Alphacool admitted they had some issues with the silicon sizing that they were working out at the time and they sent me a few different inserts hoping one would work. Once again customs held everything up and when they finally came in they didn’t work again. I ended up ordering a 14mm insert on Amazon and it ended up being a little undersized and fit.

By this point, I had ruined most of the tubing in the original shipment so Alphacool let me order another batch. This time getting in three boxes. With the proper insert and more tubes, I could finally learn how to do the bends properly. Truth be told I ruined a lot of tubing trying to figure it out. When I did finally get it figured out it was night and day. It was like I turned on a light switch and could suddenly do the bends I needed. The key for me was to turn on a stopwatch when heating up the tubing. I would lose track of time and move closer to the heat gun thinking I was too far away. With the time in front of me, I quickly got a good feel for how high I needed to be and could repeat it. So it took me a long time but it was rewarding when I was able to finally leak test.

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For coolant, I reached out to PrimoChill. I wanted an Opaque coolant, specifically a dark red that would match the red theme. Now Opaque coolants are more for show and they require a lot more maintenance but the build really needed it. Their coolant came with a tiny bottle of system prep that you run through your system to clean everything out and get the PH right. Opaque coolants have been known to change color when you have components that aren’t cleaned out or after running hot for a long time. So I followed the instructions then flushed everything out again.

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Then I refilled the system with out new mix, excited to be all finished up with the loop. Sadly, as you can see below the color that came in didn’t really fit the look of the system. I spoke with Primochill and they did say it was what it should be. Though I will argue until the day I die that the color ended up being salmon, not the red in the pictures on their website. It matches the untouched mix in the bottle though so it wasn’t the PH in the loop changing the color or anything like that.

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Their coolant guy got in touch with me and after talking with him he mixed up a custom batch of a darker red to go specifically with this build. You can see this mix was MUCH better. It is more of a proper red and was exactly what I was expecting in the first place. I flushed the old stuff out of the loop and put the new mix in. Talk about a night and day difference! I love the coolant now, though I do hope that no one else ends up with that salmon mix, unless they are into that sort of thing.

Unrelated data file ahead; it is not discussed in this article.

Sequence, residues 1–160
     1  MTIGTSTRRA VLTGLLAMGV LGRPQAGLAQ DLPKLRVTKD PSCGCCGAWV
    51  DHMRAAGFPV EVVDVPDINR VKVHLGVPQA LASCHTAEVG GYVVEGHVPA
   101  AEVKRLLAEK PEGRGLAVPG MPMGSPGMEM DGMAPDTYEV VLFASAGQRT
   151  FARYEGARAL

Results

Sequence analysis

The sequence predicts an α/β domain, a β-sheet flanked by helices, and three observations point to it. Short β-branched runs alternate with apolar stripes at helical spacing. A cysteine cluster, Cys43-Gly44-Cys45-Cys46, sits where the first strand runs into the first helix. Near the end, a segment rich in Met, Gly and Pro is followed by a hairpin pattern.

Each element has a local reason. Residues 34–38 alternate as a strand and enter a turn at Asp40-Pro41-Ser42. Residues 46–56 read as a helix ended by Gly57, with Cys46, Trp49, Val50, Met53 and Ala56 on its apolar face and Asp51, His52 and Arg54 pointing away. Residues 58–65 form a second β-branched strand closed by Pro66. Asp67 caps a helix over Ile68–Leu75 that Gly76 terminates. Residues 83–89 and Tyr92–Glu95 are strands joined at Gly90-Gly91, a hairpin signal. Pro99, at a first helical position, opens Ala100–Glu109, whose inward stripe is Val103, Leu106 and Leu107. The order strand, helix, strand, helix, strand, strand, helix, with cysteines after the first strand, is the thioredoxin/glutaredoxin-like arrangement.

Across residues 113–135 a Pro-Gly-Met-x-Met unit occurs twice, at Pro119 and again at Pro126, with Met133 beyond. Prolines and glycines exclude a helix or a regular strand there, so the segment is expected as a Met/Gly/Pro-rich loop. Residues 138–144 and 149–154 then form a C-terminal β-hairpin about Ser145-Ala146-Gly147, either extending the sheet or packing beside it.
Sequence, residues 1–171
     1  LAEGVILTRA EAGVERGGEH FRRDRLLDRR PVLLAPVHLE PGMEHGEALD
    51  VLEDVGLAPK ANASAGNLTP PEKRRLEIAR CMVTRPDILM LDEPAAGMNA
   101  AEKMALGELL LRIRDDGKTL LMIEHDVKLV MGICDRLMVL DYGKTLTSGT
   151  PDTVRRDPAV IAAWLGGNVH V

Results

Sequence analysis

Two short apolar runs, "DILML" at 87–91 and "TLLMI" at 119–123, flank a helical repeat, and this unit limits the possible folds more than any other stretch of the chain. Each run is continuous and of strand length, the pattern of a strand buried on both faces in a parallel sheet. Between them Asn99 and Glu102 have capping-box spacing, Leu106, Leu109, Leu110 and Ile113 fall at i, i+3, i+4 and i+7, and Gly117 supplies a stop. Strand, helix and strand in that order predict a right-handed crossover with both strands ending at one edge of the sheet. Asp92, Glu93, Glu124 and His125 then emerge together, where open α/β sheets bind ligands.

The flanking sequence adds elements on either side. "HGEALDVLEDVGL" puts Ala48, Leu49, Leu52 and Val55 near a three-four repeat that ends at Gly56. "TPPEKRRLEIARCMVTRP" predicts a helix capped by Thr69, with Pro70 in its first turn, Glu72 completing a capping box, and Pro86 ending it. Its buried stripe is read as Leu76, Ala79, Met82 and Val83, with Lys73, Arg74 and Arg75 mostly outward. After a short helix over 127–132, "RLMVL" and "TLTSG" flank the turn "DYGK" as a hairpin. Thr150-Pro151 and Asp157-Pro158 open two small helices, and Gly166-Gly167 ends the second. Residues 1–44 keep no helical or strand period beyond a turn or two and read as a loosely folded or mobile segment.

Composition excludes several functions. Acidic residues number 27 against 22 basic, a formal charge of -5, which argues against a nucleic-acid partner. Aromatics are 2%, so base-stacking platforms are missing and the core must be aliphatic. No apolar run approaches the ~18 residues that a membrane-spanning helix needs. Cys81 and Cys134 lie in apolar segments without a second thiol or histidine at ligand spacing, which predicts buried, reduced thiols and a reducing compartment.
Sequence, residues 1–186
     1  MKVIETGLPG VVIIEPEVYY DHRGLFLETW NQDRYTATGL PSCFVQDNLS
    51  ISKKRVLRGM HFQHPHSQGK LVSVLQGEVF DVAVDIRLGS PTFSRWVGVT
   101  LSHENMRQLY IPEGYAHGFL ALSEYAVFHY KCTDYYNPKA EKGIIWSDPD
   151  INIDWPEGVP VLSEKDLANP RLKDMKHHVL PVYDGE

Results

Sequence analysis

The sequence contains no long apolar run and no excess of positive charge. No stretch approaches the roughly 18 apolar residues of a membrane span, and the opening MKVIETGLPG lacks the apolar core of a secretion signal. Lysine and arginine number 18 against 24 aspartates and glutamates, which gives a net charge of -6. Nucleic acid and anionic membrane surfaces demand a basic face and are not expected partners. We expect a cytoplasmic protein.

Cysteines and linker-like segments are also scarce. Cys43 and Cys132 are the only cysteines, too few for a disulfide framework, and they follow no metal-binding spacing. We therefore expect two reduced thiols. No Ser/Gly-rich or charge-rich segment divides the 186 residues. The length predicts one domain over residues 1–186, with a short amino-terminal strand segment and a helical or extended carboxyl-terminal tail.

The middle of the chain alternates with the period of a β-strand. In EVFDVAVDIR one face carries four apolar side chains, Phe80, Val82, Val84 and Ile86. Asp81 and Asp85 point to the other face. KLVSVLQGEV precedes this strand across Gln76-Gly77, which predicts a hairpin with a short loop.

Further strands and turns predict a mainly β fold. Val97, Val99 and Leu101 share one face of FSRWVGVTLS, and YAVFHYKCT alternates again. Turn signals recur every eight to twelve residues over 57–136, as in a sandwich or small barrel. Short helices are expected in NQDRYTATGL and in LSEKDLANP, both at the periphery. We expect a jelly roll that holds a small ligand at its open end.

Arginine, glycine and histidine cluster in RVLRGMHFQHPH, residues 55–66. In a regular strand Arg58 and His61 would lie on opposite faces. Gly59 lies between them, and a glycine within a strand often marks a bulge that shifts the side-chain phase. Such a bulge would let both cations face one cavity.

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So here is a look at the finished loop. I didn’t end up bending the lines the way I had originally planned but I think the angles I went with giving it a little more style than the boring straight lines that I had originally planned.

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Huge thanks to Alphacool and Primochill for their support for this part. Custom water cooling isn’t cheap but man does it look good. Imagine how different this build would look with one of the basic AIO kits that I was originally looking to do. Sure the build would have been done months earlier, but in the words of Ed Bassmaster. “Just Look at It!”




As always I’m not one to leave things alone. The original plan for this build was the AIO and adding one more light controlled by the Cooler Master MasterCase Maker 5t and calling it a day for aesthetics. Honestly, that would have still looked good. But as it turns out Cooler Master ended up sending me the wrong set of lights. They are magnetic and have the same light diffusers as the single LED that the 5t comes with. But this set is powered by SATA so they can’t be turned off or set to breathe using the front I/O button.

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I put them up in the warehouse and just figured I would use them in another build in the future. But after the months of work on the water cooling off and on. When I finally finished up bending tubes I was excited about this build again and started thinking of ways to add a custom touch. I originally was thinking about 3d printing the build name and putting it inside the case but with the low amount of lighting that the single LED provided through the tinted glass side panel, it wasn’t going to look good. I pulled the lights back out and started wondering what I could do with them to light those printed letters up. From there I decided I would just stick with putting stickers on the outside of the case like we always do with our builds. I started thinking about at least backlighting the normal stickers. I even installed the two lights but they just didn’t put out the light I needed. So I grabbed a piece of white paper, folded it in half and put it in the bottom of the case to see if that would be enough backlighting. As you can see in the picture below, the paper just lit up. You can also see just how dark the areas to the left and right of the paper were without white to bounce light on.

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From there I then came up with the idea that I could invert the letters and put them on the inside. After that, I decided to do that but to cut the letters out so they would be lit up, not lit up around them. I pulled out the plotter and cut out a test and gave it a try. This worked better than I could have ever imagined only I needed to make a few changes. I wanted more height because I could see some light coming out of the top edge and I needed the sticker to run all the way across the bottom of the glass to keep any light from being seen that way as well.